Communism in American Movies

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The Woman on Pier 13 (1949)

Times change. So do the bad guys. Villains once wore capes and fingered bicycle mustaches. They tied young maidens to railroad tracks. Then wild Indians scared the willikers out of young matinee audiences. Monsters also wreaked havoc on the nice lives of nice people. Stories in print or on film did not invent bad guys. They are in myths that precede the bible. In fact, they are in real life, too. Only in real life, things have a way of getting complicated. Stories sometimes get that way, too. Often enough, however, they go in the opposite direction. They streamline, simplify, and transform complexities into routine drama, or, if possible, comedy. No one really takes The Woman on Pier 13 (1949) all that seriously. And yet, there is not much else to compare it to. Filmmakers were not so very into it in the years following World War II, and for good reason. The subject matter was pure poison.

Moviegoers might wonder about actors, the cinema in general, and the shape and form of the careers it spawns. Why would a very established actor and recognized name play an American Communist? Actors play all kinds of strong characters, but seldom will a single actor tough out a role like this, especially at a time when the whisper of the word "communist" might, quite literally, put a man's life in jeopardy. Well, so much for that. It requires research to get the scoop. And, it can also be said, Johnson, or, as he is sometimes called, Collins (Robert Ryan), is not all that red a red. In fact, it is his hope that he will be able to give the Party the slip.

The Party is working on a shipping company. It is, typically enough, going against a big, capitalist business. The Party leader, Vanning (Thomas Gomez) will not let Johnson/Collins go straight. Vanning is a bad guy, make no mistake. He loves to pass along orders that cannot be contravened. No one knows where they originate. Might they come from Moscow? Not likely. New York City? More likely. It is still the headquarters of the Communist Party of America. But Vanning is particularly corrupt and unfeeling. He has a bad habit of killing off his employees by staging their dispatches as suicides. One would think that American Communists, outnumbered and unpopular, needed every available human being. With somebody like Vanning in charge, how far could any organization under his leadership of attrition progress?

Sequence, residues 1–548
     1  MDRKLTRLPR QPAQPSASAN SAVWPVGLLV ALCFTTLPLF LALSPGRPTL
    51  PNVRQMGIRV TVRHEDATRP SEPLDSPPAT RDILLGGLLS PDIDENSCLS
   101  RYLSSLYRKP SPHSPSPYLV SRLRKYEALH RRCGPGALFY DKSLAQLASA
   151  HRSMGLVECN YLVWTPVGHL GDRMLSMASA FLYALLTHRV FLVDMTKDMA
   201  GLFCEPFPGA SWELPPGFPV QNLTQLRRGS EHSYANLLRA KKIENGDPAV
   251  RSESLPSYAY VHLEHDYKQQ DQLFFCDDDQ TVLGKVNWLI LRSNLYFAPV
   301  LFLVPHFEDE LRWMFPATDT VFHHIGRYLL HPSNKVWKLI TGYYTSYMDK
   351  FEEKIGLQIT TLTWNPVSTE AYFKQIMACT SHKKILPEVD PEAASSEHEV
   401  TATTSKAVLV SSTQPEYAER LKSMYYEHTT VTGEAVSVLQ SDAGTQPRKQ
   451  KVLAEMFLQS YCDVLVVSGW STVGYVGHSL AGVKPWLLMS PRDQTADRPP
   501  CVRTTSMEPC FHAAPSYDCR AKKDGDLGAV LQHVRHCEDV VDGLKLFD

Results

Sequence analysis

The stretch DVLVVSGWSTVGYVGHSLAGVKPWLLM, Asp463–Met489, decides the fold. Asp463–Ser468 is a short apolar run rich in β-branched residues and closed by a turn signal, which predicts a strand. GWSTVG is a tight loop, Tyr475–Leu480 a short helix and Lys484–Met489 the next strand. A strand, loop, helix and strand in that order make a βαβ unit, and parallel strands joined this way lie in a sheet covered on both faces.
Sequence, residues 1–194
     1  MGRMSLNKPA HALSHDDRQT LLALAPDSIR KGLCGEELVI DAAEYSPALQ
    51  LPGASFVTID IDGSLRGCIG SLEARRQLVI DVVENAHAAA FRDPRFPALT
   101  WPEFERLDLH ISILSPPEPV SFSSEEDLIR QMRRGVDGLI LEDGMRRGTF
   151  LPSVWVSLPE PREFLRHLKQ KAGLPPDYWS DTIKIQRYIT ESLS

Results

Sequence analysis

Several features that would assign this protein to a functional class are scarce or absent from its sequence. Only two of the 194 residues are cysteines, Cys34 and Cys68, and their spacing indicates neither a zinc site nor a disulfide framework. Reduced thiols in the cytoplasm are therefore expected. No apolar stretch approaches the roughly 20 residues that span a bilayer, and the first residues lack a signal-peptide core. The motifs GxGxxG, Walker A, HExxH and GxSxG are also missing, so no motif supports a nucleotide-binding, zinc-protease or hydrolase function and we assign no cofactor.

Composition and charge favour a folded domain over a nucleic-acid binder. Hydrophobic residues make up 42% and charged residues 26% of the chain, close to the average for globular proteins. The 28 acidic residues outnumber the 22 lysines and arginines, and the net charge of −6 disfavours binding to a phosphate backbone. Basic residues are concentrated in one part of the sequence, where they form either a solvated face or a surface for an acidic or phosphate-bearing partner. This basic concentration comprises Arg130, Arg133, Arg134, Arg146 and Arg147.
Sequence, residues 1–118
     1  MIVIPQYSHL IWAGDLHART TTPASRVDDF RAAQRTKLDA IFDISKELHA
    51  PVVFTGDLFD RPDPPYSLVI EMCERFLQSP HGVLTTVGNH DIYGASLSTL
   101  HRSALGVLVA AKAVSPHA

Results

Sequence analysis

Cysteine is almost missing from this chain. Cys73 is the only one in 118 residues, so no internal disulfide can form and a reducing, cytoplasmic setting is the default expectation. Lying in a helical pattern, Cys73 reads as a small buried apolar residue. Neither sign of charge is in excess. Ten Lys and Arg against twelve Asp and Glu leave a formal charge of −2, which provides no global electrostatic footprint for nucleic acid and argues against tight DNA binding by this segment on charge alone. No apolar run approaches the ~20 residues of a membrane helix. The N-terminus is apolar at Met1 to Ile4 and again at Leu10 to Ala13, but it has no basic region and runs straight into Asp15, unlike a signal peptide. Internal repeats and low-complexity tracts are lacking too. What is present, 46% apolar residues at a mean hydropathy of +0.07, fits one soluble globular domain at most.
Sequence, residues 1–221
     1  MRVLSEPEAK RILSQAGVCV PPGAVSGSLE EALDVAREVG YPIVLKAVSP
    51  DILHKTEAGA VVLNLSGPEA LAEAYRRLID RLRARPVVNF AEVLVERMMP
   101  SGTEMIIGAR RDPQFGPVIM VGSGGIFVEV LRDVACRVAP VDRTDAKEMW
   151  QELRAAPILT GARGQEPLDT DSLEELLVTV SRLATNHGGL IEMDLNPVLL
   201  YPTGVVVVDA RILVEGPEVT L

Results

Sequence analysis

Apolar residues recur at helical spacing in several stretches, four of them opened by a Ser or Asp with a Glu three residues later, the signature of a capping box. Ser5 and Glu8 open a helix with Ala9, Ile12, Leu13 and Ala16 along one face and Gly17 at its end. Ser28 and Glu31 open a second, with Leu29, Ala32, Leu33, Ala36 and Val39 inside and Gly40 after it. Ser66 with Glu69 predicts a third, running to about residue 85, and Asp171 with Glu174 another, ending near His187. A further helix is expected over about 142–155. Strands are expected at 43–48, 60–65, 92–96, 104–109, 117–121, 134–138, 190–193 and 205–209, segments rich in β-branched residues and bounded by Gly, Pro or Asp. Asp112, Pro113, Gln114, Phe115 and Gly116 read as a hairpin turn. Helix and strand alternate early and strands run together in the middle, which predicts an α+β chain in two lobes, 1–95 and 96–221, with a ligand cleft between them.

An alternate name for this movie is I Married a Communist. Unfortunately, Nan Collins (Laraine Day) does not play as big a role as this film required. From her point of view, it would really have been intriguing. We know that Johnson/Collins totters this way and that on a fence all the way through. But his wife, torn between two fidelities, to husband and country, might have been a much more compelling character. Still, the way in which the Party is depicted, more or less as a criminal enterprise, with a single member unable to detach, holds up till the end. The movie also works, if in a rather peripheral manner, as a film noir.

The use of a shipping company referentially connects the movie to both The Battleship Potemkin (1925) and On the Waterfront (1954). In the former, workers rise up. The communists are the good guys. In On the Waterfront, the dock boss, Johnny Friendly (Lee J. Cobb), is the bad guy. In both cases, plain workers are the people whom both opposing forces, capitalist or communist, are after. Historically, communists tried hard to woo the working class in America. They never had much success, except in terms of collusion with labor reformers and the like. Collins is a worker, too. But his weakness, as was the case in the 1940s, hinged upon his idealism. It was this that made him and lots of real people in real life, not just characters, vulnerable and, here and there, manipulable.

Looking back from the vantage point of 2013, the blossoming of a communist movement in America over a rather lengthy period of time seems unbelievable. Reds (1981) deals with its heady initial days. The movement later gained momentum during the Depression, which seemed to indicate that the capitalist system did not work. And lest it be forgot, the Communists of Russia gave the Germans hell. Depriving the 3rd Reich of what might have been a stunning victory is still a source of some wonder -- not a foregone conclusion or inevitability. It is worth ruminating on these and other relevant aspects of Communism versus the Free World only because later on geography plays such a pivotal role. Eventually, location determined one's political disposition. It was the neighborhood of one's birth and childhood that formed the inclinations and beliefs of men and women whose ideologies, on either side of the iron curtain, became totally incompatible. Until the 1980s, that is.

There is no getting rid of complications. World War II made strange bedfellows. First, Germany and Russia had an understanding. And then, America, anti-communist to the core, had no choice but to arm Russia against Germany. As cozy as America got with "Uncle" Joe Stalin, as he was often called in magazines, the Cold War was already in full swing before WWII finished. Again, despite the heroism of communist soldiers in the 1940s, communist agents in America got no mileage out of it. Maybe, once again, it was geography. The Nazis never invaded England and left the Americas alone. The heroes over there fought to liberate Russia and Eastern Europe. The Woman on Pier 13 is certainly of interest not just to film professors and historians, but anyone who by whatever means develops an appreciation for the larger ideas that actually inform our lives. By 1949, when this film was released, communists were definitely, no holds barred, the bad guys.

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